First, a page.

While lab test results always have a degree of uncertainty and can vary depending on the analytical methods employed, the phenolic contents of Gundry’s samples, while quite high, would be in line with extra virgin oils produced in regions around the world from early-harvested olives.
However, an internationally-certified taste panel leader found the Gundry sample from the most recent harvest to be lampante — or unfit for human consumption — calling it “one of the worst oils I have ever assessed,” devoid of any positive attributes and exceedingly rancid.
Gundry lists extra virgin olive oil as the sole ingredient on the back of the bottle, but the front indicates “polyphenol-rich olive oil.” It’s therefore unclear, intentionally or not, whether the product is being represented as EVOO or as refined olive oil with additives to boost its phenolic composition.
Gundry’s website offers another product, “Chef’s Select,” from the same Moroccan source, which indicates extra virgin olive oil on the front label yet sells for 1/4 the Polyphenol-Rich oil price. When asked to explain the difference, a Gundry associate replied, “there is no hydroxytyrosol in the Chefs Select” — a surprising statement since any extra virgin olive oil has at least some of the compound.
Again, when Gundry explains that it would take a liter of “regular olive oil” every week to reach his recommended intake of phenols, he seems to be referring to refined oils. Suggesting his olive oil boasts 30 times more polyphenols than any extra virgin olive oil would be false.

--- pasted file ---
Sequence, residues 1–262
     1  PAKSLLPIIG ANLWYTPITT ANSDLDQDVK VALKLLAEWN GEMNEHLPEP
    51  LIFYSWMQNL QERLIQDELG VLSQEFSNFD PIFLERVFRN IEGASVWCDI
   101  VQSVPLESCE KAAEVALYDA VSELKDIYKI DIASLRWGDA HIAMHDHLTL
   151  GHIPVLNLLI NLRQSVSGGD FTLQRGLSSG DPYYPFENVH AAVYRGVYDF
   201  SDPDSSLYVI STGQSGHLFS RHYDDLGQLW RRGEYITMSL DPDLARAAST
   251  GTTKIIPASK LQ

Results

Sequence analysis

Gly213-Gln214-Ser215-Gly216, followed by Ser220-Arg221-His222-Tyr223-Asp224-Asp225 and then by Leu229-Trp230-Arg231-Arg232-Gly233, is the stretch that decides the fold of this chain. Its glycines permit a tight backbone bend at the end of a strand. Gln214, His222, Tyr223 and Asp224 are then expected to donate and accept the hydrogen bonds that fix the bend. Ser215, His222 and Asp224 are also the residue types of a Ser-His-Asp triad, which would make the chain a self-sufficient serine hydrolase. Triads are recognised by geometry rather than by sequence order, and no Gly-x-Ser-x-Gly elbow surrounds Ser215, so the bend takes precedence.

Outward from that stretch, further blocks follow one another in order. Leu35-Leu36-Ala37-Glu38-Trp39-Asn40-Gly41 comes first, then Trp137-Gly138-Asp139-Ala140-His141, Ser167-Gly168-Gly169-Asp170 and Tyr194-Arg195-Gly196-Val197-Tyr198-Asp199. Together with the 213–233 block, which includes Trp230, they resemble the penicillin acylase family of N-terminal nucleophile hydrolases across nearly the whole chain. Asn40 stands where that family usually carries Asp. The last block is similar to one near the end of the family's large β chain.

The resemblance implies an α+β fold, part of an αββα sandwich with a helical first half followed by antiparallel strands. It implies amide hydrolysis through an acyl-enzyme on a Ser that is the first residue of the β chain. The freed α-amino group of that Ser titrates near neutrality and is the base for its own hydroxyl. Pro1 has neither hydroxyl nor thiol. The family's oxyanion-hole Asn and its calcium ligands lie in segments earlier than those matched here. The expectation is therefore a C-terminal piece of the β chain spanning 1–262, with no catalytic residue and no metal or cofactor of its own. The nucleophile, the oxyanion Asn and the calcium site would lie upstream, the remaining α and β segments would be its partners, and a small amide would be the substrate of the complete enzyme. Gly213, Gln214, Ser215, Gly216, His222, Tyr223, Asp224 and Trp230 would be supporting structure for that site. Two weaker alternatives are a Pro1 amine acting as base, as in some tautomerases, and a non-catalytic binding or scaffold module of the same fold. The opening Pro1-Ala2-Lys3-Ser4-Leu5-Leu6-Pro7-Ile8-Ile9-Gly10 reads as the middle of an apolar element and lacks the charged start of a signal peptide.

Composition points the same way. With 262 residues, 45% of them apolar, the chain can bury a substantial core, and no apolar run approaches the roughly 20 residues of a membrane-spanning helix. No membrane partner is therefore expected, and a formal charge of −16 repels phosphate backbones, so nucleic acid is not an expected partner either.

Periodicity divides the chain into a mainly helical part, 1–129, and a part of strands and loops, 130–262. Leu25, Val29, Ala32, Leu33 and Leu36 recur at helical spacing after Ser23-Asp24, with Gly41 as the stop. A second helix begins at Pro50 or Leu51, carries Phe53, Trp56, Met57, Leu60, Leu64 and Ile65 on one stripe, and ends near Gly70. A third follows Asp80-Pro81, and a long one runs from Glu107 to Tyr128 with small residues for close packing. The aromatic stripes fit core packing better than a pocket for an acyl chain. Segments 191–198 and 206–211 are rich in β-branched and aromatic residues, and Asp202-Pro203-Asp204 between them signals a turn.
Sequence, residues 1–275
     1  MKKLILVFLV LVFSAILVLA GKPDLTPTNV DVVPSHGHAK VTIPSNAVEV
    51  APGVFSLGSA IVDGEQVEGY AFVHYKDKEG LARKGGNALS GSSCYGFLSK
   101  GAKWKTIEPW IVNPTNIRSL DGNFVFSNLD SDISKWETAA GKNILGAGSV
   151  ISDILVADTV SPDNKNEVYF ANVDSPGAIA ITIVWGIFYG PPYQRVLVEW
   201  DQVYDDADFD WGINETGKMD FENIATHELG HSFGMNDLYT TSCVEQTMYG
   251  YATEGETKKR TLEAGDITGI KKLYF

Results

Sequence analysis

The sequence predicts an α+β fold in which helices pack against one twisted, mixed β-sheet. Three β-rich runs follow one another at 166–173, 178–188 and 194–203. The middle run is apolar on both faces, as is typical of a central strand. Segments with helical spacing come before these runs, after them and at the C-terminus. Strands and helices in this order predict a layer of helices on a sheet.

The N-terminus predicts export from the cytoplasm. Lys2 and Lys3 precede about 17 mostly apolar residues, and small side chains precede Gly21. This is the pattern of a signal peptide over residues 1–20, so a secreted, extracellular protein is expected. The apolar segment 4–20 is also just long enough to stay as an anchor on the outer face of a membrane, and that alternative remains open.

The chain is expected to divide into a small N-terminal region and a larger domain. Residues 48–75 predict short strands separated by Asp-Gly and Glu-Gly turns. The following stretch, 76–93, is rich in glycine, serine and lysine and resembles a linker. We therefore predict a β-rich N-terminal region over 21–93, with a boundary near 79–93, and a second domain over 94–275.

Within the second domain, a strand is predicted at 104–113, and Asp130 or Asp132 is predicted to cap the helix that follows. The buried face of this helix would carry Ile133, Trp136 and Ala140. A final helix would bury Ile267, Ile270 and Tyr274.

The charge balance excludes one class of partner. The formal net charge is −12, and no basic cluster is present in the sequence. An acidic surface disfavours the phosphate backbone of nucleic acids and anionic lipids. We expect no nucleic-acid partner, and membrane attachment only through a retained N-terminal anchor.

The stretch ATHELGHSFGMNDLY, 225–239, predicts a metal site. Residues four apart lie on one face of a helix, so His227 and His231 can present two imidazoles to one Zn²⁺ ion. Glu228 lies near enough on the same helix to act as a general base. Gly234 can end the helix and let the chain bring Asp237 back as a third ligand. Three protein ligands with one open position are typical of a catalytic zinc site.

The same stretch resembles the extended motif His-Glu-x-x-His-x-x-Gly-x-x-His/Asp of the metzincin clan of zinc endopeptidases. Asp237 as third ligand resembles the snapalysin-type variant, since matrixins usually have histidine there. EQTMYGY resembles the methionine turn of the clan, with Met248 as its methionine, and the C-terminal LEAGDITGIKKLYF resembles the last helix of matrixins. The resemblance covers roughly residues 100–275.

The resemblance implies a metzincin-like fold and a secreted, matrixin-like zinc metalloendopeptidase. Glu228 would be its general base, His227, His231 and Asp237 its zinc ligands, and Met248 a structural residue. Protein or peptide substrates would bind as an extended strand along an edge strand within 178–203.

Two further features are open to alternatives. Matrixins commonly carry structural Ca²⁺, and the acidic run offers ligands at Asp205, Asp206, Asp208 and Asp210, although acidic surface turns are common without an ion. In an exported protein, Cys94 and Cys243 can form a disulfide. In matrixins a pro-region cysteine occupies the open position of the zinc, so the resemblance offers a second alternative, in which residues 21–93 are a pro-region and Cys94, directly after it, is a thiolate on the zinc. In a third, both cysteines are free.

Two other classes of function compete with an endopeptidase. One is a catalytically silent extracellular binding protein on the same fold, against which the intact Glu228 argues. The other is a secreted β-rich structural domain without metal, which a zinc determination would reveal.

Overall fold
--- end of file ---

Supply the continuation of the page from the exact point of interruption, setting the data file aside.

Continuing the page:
Yet that’s the reasoning behind the nearly $200-per-liter price tag of Gundry’s product when Moroccan extra virgin olive oil is trading for around $3.65 on a good day.
Gundry’s label also shows a three-year shelf-life, a rare and unscrupulous (though technically legal) practice that helps a producer sell oil well past its prime.
Joseph R. Profaci, executive director of the North American Olive Oil Association, said members of the group, including major American importers, are prohibited from indicating a three-year shelf-life on packaging “following clear guidance from the International Olive Council.”
And justifying a sky-high price for elevated phenolics levels (even if it were true) has its own problems.
Gundry claims “you can never get too many polyphenols” without citing evidence, contrary to some health experts who say that’s not true.
“You get to a point, and sometimes early, that the high doses [of polyphenols] become hazardous,” Jim Kehrer of the pharmacy department at the University of Alberta in Edmonton said in an interview with CBC News.
“Advertisers have put forth the idea that a little is good, more is better, and a lot is great, but that isn’t really correct,” said Kehrer, who has been researching the effects of free radicals since the 1970s, according to CBC.See Also:World’s Healthiest Olive Oil? The Jury’s Still Out.
Gary Beauchamp, the president emeritus of the Monell Chemical Senses Center in Philadelphia, who discovered and named the phenolic compound oleocanthal, said there is no evidence that more is always better when it comes to phenols, adding, “it is reasonable to assume that there is a level of phenolics that would not be healthy to consume.”